Gasum conducts 1st LNG bunkering operation in Iceland

Nordic energy company Gasum has carried out the first liquefied natural gas (LNG) bunkering operation in the port of Reykjavik, Iceland. 


As informed, the company’s LNG bunker vessel Coral Energy delivered LNG and liquefied biogas (LBG) to PONANT’s ice-breaking cruise vessel Le Commandant Charcot.

According to Gasum, its biogas can cut carbon emissions (CO2) on average by 90 percent when compared with traditional fossil fuels.

In addition to this, LNG is readily available and can be used with existing engine technologies, making it a viable alternative to traditional marine fuels.  By using LNG as a marine fuel, shipping companies can reduce their emissions and comply with international regulations, such as the IMO’s greenhouse gas reduction strategy, the company noted.

Maritime traffic generates 3 percent of the world’s total greenhouse gas emissions such as carbon dioxide. This contributes to global warming and extreme weather conditions. CO2 is emitted by ships using petroleum-based fuels to power main and auxiliary engines. 

LNG as a marine fuel meets all the current and forthcoming IMO and EU regulations. Switching to LNG means complete removal of SOx and particles, and reduction of NOx emissions of up to 85 percent. LNG reduces CO2 emissions by at least 20 percent, Gasum noted.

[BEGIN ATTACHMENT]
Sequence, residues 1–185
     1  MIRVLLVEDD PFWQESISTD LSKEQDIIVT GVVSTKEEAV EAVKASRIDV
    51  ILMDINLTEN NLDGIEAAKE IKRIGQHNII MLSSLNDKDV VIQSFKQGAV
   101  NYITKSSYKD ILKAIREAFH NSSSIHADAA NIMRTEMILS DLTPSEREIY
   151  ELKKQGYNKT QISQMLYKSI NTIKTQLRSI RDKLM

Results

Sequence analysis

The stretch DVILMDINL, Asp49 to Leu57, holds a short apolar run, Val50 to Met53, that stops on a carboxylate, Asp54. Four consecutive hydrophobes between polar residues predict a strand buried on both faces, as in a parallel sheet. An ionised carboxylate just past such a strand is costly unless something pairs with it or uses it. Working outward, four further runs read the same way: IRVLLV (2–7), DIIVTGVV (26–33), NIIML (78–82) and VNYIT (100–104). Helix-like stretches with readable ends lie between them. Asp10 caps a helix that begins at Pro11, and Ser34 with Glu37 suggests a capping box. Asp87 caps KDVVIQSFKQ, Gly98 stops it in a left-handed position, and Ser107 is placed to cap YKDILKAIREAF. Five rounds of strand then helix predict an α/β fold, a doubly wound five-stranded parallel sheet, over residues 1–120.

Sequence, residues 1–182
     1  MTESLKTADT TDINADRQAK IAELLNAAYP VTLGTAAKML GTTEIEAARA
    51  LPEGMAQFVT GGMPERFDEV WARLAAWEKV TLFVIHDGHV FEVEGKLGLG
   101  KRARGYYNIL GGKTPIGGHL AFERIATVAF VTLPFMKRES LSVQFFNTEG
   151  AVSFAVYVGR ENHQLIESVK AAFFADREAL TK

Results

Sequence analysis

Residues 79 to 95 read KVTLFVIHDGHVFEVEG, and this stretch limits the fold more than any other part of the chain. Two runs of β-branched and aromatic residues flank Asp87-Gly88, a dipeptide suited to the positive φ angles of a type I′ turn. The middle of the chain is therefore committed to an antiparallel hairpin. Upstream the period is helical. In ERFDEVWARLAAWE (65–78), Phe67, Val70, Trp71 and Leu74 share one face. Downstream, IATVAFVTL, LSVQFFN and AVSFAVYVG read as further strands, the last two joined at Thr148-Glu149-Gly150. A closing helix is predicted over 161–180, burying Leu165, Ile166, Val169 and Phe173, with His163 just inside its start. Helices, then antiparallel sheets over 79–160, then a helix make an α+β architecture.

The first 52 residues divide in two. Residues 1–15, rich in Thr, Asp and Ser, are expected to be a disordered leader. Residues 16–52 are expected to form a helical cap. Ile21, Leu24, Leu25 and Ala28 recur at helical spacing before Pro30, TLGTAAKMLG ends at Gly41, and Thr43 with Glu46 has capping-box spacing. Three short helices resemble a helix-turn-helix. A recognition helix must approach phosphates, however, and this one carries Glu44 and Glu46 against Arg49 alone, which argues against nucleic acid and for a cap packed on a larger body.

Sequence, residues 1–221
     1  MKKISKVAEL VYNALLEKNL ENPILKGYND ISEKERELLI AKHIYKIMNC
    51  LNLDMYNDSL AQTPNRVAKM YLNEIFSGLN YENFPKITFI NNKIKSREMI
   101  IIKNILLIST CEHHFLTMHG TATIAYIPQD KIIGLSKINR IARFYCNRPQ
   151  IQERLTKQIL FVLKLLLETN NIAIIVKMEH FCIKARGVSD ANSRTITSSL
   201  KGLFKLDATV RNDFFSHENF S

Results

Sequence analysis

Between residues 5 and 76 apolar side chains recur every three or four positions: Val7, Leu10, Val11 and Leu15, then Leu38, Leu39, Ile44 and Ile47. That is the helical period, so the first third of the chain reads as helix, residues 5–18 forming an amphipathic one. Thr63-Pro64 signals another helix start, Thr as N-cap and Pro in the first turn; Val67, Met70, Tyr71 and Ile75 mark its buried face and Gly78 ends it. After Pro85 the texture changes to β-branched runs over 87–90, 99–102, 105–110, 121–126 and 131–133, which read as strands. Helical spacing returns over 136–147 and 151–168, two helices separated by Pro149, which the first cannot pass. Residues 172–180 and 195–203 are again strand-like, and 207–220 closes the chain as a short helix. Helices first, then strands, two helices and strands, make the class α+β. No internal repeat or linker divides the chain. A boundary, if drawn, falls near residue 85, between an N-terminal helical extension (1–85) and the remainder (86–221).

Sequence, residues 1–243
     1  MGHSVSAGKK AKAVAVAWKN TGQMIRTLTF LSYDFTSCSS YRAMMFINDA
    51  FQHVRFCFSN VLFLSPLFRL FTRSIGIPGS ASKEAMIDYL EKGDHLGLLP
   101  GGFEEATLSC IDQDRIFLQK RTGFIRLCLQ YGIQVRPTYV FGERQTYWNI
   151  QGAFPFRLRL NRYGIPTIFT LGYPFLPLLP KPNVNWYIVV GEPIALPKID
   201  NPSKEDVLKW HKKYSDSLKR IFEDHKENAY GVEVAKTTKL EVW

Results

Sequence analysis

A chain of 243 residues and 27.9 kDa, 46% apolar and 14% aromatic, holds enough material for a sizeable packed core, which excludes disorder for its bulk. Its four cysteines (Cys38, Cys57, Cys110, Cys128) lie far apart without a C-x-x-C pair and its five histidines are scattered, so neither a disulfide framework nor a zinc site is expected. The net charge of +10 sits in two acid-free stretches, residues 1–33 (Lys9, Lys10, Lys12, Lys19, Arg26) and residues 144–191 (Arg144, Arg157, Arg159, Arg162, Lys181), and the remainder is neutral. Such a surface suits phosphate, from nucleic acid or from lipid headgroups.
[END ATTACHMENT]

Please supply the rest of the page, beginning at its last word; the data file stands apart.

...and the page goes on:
The company is also working to bring seven terawatt hours (7 TWh) of renewable gas yearly to market by 2027. Achieving this goal would mean a yearly cumulative carbon dioxide reduction of 1.8 million tons.

To remind, the gas supplier has been recently contracted by Swiss MSC Group to supply LNG for the company’s newest flagship, MSC Euribia. The cruise ship recently demonstrated that emissions-neutral cruising is possible by sailing the first ever net-zero greenhouse gas emissions cruise voyage benefiting from the emissions reductions allowed by liquefied biogas procured by Gasum.

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